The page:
The only costs one incurs could be when money is transferred or withdrawn. Mobile telephone money is likely going to be linked to cash cards, providing the convenience of switching between the two at little or no cost. For mobile phone financial services to be truly disruptive, the costs of using the service must become ridiculously low but profitable as a result of high volumes from the potential millions of subscribers.
What we are seeing currently in the banking sector is classic disruptive behaviour. Several banks, correctly assessing the disruptive potential of out-of-industry innovators and mobile phone firms, are moving to protect their existing customer base by providing mobile phone services.
This is not going shield them from disruption. Lower-end customers and the unbanked will adopt the mass market mobile phone financial services once costs fall, which will happen sooner or later. With time, mobile phone financial services will crawl up the top-tier segments of existing banks as cost-lowering innovations occur.
We predict some organisations will pay out small value salaries and carry out other small value transactions through mobile phone cash services. When that begins to happen, banks will be unable to compete on price as the mobile phone financial services will be much cheaper as a result of huge volumes potentially running into millions of users. Mobile-phone operators will have an additional psychological advantage — their being disentangled from the past trust-sapping crises involving the loss of depositors’ hard-earned monies.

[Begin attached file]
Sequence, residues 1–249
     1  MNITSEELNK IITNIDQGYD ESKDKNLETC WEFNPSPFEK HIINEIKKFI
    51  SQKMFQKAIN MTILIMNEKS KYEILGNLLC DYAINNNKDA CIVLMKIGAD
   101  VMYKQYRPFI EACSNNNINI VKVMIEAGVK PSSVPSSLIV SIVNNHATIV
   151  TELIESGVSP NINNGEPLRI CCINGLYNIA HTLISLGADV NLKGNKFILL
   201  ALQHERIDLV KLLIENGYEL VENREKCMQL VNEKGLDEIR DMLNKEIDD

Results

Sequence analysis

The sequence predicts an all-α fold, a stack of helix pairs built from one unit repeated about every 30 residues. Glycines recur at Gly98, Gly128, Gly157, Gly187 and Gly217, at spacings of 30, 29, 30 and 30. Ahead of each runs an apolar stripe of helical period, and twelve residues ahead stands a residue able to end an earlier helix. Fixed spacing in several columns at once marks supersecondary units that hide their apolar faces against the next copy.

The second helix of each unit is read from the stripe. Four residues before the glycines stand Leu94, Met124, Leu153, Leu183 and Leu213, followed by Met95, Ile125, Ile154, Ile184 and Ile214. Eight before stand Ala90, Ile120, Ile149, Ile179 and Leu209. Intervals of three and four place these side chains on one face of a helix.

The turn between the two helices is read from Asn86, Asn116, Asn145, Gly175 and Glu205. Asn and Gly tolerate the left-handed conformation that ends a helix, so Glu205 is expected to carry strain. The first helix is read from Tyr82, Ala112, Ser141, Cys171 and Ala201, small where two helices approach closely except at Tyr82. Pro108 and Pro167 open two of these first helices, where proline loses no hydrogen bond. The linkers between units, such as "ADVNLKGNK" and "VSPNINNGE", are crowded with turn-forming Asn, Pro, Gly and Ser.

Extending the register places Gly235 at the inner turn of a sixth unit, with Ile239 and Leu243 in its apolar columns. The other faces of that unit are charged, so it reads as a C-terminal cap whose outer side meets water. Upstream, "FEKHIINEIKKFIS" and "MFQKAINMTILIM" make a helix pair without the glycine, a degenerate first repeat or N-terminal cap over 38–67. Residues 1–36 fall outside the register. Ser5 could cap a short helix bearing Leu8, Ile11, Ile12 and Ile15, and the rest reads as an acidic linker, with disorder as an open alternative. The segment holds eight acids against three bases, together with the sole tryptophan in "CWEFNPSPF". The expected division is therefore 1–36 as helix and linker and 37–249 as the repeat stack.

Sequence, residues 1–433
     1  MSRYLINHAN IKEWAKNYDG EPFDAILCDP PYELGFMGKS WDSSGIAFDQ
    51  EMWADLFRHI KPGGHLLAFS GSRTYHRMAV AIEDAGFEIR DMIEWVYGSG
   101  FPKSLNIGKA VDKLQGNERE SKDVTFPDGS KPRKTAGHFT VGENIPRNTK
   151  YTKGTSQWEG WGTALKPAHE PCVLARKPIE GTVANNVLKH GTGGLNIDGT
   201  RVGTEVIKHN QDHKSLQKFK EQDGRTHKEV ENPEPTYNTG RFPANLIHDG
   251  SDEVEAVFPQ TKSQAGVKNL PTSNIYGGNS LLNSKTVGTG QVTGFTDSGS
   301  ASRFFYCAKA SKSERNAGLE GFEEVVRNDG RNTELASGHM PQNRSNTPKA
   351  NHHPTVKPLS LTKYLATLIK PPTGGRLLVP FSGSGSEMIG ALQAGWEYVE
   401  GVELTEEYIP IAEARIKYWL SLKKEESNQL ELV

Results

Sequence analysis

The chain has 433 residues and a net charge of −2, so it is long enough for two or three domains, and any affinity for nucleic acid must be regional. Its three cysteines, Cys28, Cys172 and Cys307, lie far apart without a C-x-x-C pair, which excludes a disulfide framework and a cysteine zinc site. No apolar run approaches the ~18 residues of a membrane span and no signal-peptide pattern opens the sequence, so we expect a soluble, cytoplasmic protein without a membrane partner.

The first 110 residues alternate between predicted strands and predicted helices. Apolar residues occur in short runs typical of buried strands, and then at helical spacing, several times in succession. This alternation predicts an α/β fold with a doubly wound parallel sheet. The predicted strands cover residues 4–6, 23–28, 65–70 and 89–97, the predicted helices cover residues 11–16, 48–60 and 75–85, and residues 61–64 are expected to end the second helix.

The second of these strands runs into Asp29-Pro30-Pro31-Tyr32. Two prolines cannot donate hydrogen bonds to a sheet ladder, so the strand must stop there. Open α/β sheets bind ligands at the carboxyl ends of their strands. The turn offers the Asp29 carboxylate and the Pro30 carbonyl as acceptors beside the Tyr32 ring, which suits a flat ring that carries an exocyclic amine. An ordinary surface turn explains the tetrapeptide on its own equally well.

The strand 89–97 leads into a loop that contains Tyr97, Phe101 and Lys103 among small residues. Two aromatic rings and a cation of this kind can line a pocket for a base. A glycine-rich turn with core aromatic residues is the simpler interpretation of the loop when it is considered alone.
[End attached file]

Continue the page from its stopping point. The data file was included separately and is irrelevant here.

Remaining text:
Professional services industry
The professional services firms such as those in book-keeping and specialised services such as Human Resources assessments are beginning to feel the effects of disruptive forces at play. Only recently did the board regulating public accounting services reacted by publishing the names of firms registered to offer public accounting services, to counter the threat of the huge army of unregistered individuals and firms offering book-keeping and tax advisory services.
We have established through research that a majority of small scale and microenterprises use qualified but unregistered accountants who charge them reasonable fees, producing acceptable quality work (since it meets the requirements of the users such as tax returns accepted by Zimra).
We suspect that mid-tier segments of the registered accountants will be forced to react swiftly to defend their territory when these unregistered accountants begin to encroach into their domain.
Unfortunately, our economic challenges are blurring the distinction between low-tier and mid-tier customer segments, widening disruptive space.
My advice to incumbents: try self-disruption.
Let’s discuss at firstname.lastname@example.org.